I wonder when D Day will come for us. And it will, oh it surely will.
The only thing in doubt is whether the agents of justice will be some heretofore unnoticed tribe of courageous isolationists (the remnant) with backbone and moral courage, or if the agents will be supernatural, as in Egypt’s plagues. Because it is certainly coming, no mater what the worshipers at the pool parrot at their critics.
“I tell you that He will avenge them speedily. Nevertheless when the Son of Man cometh, shall He find faith on the earth?” (Luke 18:8)
Instead of Humility I/we indulge ourselves in Pride. Instead of Love we look for approval and call that love. We look at the invitation to follow Christ’s plan, the Manufacturer’s Instructions regarding this Model 1 Human, conceived and created in the image and likeness of God.
Our response is that we are not Godlike creations but rather highly evolved ape animals and as far as the plan, well “Thanks but no thanks, we already have a better plan”, and as every bureaucrat can tell you their plan is superior to everyone else’s, including God’s.
And we can all see how that plan is working our every day in every way all around us in our society. Are you over 65, have a handicap, are you “inconvenient” for someone? Maybe you just voted the wrong way and some civil servant found out. Have you got your notice in the mail yet to report to the nearest “quality of life” processing centre?
I just watched a movie called “Equilibrium” a movie from 2002 staring Christian Bale. In a futuristic world, a regime has eliminated war by suppressing emotions: books, art and music are strictly forbidden and feeling is a crime punishable by death.
Clerick John Preston (Christian Bale) is a top-ranking government agent responsible for destroying those who resist these rules. In the movie the authorities call this “processing”, and the killing takes place at “processing centres”. And reality is not much different now.
You can rationalize literally any course of action with the right regulations, professional associations and government encouragement which can just as easily be a carrot as a stick depending on which direction the “initiative” is taking, which “options” are being pursued.
So far what this is all about is the Wimbledon of Pride, the endless back and forth of pride and the offshoot of pride, anger, and the endless search for approval so necessary to self. So lets see what Father Gabriel has to say about Humility.
“Charity is the essence of Christian perfection, for charity alone has the power to unite man to God, to his last end. But for us poor, miserable creatures, whom God wishes to raise to union with Himself, is charity the ultimate basis of spiritual life? No. There is something deeper still which is, so to speak, the basis of charity, and that is humility.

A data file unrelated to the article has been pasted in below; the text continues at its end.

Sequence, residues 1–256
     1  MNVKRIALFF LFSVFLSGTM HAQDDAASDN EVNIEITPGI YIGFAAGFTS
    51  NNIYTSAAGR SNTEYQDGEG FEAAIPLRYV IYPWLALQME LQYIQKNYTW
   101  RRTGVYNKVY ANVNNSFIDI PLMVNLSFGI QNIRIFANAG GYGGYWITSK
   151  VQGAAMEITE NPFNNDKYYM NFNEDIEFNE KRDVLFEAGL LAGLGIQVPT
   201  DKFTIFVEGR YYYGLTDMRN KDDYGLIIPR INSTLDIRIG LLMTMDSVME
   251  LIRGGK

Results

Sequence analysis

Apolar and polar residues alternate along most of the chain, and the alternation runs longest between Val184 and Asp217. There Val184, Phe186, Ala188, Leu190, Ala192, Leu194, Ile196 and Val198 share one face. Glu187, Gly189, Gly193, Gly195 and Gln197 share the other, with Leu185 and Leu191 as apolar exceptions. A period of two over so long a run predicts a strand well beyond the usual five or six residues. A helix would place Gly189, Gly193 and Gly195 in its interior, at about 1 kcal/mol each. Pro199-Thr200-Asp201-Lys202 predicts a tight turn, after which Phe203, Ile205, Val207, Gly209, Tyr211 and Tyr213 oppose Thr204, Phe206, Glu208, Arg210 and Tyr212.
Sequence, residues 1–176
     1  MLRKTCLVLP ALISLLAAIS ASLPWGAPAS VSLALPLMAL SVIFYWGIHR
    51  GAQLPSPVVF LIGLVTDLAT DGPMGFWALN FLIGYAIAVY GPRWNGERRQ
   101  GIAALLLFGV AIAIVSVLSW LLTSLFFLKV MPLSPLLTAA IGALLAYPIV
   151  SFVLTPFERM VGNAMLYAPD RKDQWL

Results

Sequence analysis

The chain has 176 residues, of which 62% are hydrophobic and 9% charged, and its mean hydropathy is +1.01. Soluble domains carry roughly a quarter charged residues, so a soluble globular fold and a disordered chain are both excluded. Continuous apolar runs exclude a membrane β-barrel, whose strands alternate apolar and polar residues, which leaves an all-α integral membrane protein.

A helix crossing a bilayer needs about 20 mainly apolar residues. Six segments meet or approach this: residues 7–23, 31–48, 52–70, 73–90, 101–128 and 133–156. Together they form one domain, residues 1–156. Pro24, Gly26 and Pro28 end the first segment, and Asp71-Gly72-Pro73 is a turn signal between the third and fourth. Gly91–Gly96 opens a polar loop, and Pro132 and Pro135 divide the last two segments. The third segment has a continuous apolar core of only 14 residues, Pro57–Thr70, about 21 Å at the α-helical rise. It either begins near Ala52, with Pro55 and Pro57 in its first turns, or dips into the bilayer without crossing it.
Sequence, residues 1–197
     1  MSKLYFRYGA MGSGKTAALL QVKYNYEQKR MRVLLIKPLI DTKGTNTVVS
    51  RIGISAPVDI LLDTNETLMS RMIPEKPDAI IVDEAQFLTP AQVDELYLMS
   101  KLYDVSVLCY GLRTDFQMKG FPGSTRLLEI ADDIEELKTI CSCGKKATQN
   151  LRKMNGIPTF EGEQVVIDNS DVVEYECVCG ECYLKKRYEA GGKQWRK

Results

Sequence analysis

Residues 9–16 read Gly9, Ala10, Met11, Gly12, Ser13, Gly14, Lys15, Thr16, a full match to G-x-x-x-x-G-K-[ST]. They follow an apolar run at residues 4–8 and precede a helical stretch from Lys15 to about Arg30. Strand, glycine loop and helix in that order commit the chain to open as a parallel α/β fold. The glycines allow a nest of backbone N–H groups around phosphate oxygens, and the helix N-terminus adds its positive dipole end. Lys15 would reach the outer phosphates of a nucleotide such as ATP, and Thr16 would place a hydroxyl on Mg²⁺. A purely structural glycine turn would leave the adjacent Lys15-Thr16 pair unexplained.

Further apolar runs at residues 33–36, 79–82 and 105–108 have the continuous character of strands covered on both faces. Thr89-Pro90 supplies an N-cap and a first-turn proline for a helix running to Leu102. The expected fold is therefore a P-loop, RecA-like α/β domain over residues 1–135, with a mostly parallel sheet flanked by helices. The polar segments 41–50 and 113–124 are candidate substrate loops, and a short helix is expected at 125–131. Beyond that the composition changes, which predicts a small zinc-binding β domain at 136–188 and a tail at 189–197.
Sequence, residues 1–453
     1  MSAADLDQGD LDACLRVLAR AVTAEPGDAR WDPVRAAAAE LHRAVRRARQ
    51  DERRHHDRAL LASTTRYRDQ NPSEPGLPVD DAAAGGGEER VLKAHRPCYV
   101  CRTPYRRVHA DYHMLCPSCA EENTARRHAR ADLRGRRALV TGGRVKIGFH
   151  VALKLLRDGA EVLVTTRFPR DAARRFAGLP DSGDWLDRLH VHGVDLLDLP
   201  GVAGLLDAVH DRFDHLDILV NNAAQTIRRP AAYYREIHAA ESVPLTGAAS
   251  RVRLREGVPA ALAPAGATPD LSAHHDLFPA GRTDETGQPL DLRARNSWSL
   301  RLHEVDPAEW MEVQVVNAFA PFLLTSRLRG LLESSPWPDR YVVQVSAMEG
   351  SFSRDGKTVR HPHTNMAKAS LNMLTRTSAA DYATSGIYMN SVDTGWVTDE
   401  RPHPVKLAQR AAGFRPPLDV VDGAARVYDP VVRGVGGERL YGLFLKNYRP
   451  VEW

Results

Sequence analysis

Humility is to charity what the foundation is to a building. Digging the foundation is not building the house, yet it is the preliminary, indispensable work, the condition sine qua non. The deeper, and firmer it is, the better the house will be and the greater assurance of stability it will have. Only the fool “built his house upon sand,” with the inevitable consequence of seeing it crumble away very soon. The wise man, on the contrary, “built … upon rock”; storms and winds might threaten, but his house was unshakable because its foundation was solid.
Humility is the firm bedrock upon which every Christian should build the edifice of his spiritual life. “If you wish to lay good foundations,” says St. Teresa of Jesus to her daughters, “each of you must try to be the least of all” That is, you must practice humility. “If you do that … your foundation will be so firmly laid that your Castle will not fall”. Humility forms the foundation of charity by emptying the soul of pride, arrogance, disordered love of self and one’s own excellence by replacing them with the love of God and our neighbor.
The more humility empties the soul of the vain, proud pretenses of self, the more room there will be for God. “When at last [the spiritual man] comes to be reduced to nothing, which will be the greatest extreme of humility, spiritual union will be wrought between the soul and God.” (Fr. Gabriel of St. Mary Magdalen, O.C.D. from the book “Divine Intimacy” meditations on the interior life for every day of the liturgical year.pp 301 – 302)
Always remember, “Be charitable in your judgements, and never take yourself too seriously”